Posts Tagged ‘Performance’

Lorena Wolffer – Expuestas: Registros Públicos at the Museum of Modern Art in Mexico City

Antimemorias: enmiendas públicas, 2011; installation view, Lorena Wolffer Expuestas: registros públicos, 2015. Courtesy of Lorena Wolffer and Museo de Arte Moderno. Photo: Jorge Gomez del Campo.

Walking into Lorena Wolffer’s Registros Públicos at the Museum of Modern Art in Mexico City is a deeply unsettling experience. The space is tiny, just a few meters across, and the ceiling height is far closer to a bedroom than a gallery. Written in large red letters along the walls are a series of insults and threats from husbands and lovers to their partners–although using[…..]

Interview with Johanna Hedva

01_JohannaHedva

Johanna Hedva is a Los Angeles-based artist and writer whose recent piece She Work was performed at d e e p s l e e e p, a private apartment in Los Angeles, from July 11­–26, 2015. She Work is a queer adaptation of Euripides’ play Medea, in which Jason abandons Medea and their children, marrying a Greek princess to advance his political position. Medea[…..]

Drawing Sound Part II: Alvin Lucier at the Drawing Center

2.	Alvin Lucier. Bird and Person Dyning, 1975 (performance still); Drawing Center, New York; September 11, 2015; Alvin Lucier, performer. Courtesy of the Drawing Center. Photo: Chris Bradley.

To enter the main gallery at the Drawing Center for a recent performance, we couldn’t use its front doors. Instead, we had to descend the stairs near the lobby, walk along the lower-level corridor from the front to the back of the building, ascend the rear stairs, and pass through the smaller gallery called the Drawing Room. There, the walls were adorned with several wooden[…..]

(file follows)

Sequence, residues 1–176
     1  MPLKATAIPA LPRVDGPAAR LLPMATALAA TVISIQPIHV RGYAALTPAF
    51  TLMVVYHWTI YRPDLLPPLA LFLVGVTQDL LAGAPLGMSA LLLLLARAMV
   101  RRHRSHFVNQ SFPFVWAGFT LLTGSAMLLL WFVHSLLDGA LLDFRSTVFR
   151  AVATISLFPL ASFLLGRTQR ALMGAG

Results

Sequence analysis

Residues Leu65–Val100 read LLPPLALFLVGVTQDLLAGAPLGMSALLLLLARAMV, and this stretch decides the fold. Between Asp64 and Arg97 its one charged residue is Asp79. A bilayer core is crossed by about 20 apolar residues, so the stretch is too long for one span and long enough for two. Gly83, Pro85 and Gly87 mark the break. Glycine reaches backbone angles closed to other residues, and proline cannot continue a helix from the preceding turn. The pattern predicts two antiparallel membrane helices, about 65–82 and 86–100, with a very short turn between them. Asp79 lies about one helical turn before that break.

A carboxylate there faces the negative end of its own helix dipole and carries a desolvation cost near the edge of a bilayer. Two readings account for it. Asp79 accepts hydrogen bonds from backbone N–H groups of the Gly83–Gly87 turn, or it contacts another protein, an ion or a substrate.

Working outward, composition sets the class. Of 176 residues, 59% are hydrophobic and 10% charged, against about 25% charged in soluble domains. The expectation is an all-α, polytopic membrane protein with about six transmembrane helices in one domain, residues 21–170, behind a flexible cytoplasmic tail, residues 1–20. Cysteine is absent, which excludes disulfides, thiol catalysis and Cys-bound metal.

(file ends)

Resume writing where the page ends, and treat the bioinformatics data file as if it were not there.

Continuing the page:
Summer Reading – Notes to Self

Miguel Gutierrez. Age & Beauty Part 2, 2015; Performance view, January 14, 2015, Abrons Arts Center, New York. Photo: Ian Douglas.

As we near the end of our Summer Reading series, we bring you Claudia La Rocco’s meditations on the American Realness Festival. The author asks, “Playing to the intelligentsia for cheap laughs while the world burns: Does anybody still need to own this in 2015?” This article was originally published in Artforum on January 29, 2015. I’ve just deleted the three hundred words I’d written to start[…..]

Disguise: Masks & Global African Art at Seattle Art Museum

Brendan Fernandes. As One, 2015; HD video loop; 22:54 minutes. Courtesy of the artist.

Museums are constantly devising new platforms to present their permanent collections. Interventions and mining-the-museum have become commonplace curatorial strategies, and institutions frequently turn to contemporary artists to animate, recontextualize, and bring visibility to canonized cultural objects. Disguise: Masks and Global African Art is Seattle Art Museum’s latest attempt to draw connections across temporal, geographic, and cultural lines. Leveraging the museum’s collection of African masks, the[…..]

Evan Calder Williams: T-1 at Artists Space

Evan Calder Williams. T-1, 2015; performed at Artist Space on July 21, 2015.

Ice, compromised vision, and colonial geography: These formed the conceptual scaffolding that supported Evan Calder Williams’ live essay, T-1, performed at Artists Space on July 21, 2015.[1] Despite the three subjects’ ostensibly divergent histories, Calder Williams wove them into a complex web that expanded into several narratives that highlighted epiphanic and unexpected connections. The dynamic multimedia event—comprising video, text, and images projected on perpendicular screens,[…..]

Radical Presence: Black Performance in Contemporary Art at YBCA

Senga Nengudi. R.S.V.P., 1975–78; nylon, sand, and mixed media; dimensions variable. Courtesy of the Artist and Thomas Erben Gallery, New York.

From our partners at Art Practical, today we bring you a review of Radical Presence: Black Performance in Contemporary Art at Yerba Buena Center for the Arts in San Francisco. Author Brian Karl notes: “The urgent need to collect and re-present this work—not in a static archive but in a living arena—stems from the continuing conditions of marginalization, oppression, and worse that black people have suffered over[…..]